These and other features of the present invention can be better understood by reading the following, solely examplary, detailed description, taken together with the drawing, wherein:
FIG. 1 is a vertical cross-section of the swimming pool and caisson structure;
FIG. 2 is a cross-sectional plan view showing a multiple section caisson implementation; and
FIG. 3 is a plan view of the present invention partly in section in combination with periodic wave generators.
A vertical cross-section of the swimming pool surf wave generator according to the present invention is shown in FIG. 1. The wave generator includes a pressurized chamber 50 within a caisson 40 having a top section 42, a side 44, and a side 46 shared with the swimming pool 54. The sidewall 46 stops short of the bottom 48 to form an aperture or opening 56 allowing the water within the pressure chamber 50 to communicate with the water of the pool 54. The water from chamber 50 is displaced by a charge of air pressure through valve 62 from a reservoir of compressed air 64. The pressure reservoir 64 is charged by a conventional compressor (not shown) to a pressure for example of 600 kPa (PSI). The compressed air is rapidly induced into the chamber 50 at a high velocity, thereby rapidly displacing the water into the swimming pool 54 to produce the surf wave. The floor of the swimming pool 54 includes a baffle 58 which upwardly directs the water displaced from the chamber 50 into the swimming pool 54 in a manner to produce a surface wave shown in phantom 60, which propagates laterally across the surface of the pool 54 away from the sidewall 46. The stored potential energy released by the expanding air is converted into kinetic energy, producing the wave 60. This converted kinetic energy is applied to the pressure chamber at high velocities sufficient to displace the water contained therein to produce the desired wavefront. After the wave 60 is generated, the water is allowed to return into the pressure chamber 50 from the swimming pool 54 by controllably exhausting the air from the chamber 50 through valve 66 to the atmosphere. The valve 66 is operated in a manner to control the reentry of the water, to limit the turbulence within the chamber, and control the degree by which the plumbing is immersed or splashed by the water. Moreover, the pool 54 can be constructed according to known techniques so that the created wave 60 is not reflected back towards the wall 46, but is entirely dissipated without reflection. The water flows back into the chamber 50 without assistance by a return wave reflected from the distant pool wall 52. It is therefore seen according to the present invention that the generation of each wave is independent of the previously generated surf waves. The system is limited only through the ability of the pressure vessel to recharge, and by the ability of the water to return to the quiescent level within the chamber 50.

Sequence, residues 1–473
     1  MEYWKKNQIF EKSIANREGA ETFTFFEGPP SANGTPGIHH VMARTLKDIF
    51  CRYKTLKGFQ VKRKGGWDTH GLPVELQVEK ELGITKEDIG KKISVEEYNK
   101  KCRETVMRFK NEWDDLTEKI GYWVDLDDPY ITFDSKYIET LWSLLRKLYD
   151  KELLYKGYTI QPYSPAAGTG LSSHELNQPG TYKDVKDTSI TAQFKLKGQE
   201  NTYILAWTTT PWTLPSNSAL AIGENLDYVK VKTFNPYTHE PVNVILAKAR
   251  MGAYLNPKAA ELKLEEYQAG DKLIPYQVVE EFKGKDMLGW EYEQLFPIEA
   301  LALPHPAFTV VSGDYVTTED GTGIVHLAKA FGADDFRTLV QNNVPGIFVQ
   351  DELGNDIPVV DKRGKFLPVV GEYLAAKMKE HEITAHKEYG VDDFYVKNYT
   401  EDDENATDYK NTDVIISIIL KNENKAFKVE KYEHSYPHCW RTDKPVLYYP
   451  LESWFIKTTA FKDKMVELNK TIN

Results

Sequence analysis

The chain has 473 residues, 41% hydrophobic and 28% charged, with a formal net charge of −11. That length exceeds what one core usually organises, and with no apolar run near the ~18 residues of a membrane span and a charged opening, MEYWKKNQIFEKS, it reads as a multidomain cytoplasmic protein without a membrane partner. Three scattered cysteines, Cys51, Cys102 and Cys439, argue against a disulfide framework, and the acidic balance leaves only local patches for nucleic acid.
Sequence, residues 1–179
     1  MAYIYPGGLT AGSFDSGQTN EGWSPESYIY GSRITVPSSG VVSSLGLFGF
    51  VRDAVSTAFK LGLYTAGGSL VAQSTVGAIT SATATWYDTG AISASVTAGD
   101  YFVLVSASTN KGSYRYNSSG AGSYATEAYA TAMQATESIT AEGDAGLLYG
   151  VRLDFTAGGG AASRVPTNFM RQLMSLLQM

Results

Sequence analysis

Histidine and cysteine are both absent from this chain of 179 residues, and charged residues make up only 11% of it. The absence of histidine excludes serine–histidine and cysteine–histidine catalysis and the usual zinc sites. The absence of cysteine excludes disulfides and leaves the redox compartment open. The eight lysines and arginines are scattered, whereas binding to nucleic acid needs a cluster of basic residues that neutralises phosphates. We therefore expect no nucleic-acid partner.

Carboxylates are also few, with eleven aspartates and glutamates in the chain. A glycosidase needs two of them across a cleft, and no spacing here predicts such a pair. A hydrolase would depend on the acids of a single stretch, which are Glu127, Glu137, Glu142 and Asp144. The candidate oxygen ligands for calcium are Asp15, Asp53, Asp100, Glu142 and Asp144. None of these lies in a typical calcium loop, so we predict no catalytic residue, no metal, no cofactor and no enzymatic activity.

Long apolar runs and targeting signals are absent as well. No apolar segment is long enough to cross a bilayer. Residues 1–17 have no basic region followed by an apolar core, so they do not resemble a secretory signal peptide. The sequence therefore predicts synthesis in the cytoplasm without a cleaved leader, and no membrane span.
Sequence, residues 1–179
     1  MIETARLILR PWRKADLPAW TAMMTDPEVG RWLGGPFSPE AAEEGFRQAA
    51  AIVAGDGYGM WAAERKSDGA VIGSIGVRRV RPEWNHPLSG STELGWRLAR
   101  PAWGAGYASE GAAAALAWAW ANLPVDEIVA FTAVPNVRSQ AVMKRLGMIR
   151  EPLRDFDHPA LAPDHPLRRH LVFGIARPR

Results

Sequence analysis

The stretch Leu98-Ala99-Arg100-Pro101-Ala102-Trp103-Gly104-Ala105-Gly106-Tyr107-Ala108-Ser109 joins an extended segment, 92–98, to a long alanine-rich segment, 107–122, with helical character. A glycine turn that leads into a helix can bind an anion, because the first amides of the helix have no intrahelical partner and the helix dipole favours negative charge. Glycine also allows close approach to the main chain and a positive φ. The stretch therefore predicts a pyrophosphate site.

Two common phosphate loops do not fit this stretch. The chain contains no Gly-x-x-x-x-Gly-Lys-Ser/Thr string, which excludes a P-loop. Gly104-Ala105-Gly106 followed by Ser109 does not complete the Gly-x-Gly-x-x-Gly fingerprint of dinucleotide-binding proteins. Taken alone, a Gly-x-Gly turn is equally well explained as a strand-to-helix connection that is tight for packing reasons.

The efficiency of the system according to the present invention is increased by additional air expansion within the pressure chamber 50. The energy stored as air pressure may be converted to a higher velocity flow of air through the use of a jet pipe 68 whose operation is known, shown in phantom in FIG. 1. The jet pipe 68 permits a high-pressure air source to expand to a very low absolute pressure to enhance the transfer of the expansion energy into kinetic energy. The jet valve 68 also permits the induction of a larger amount of air from the atmosphere through a vent 70 into the jet pipe 68 constriction 68A.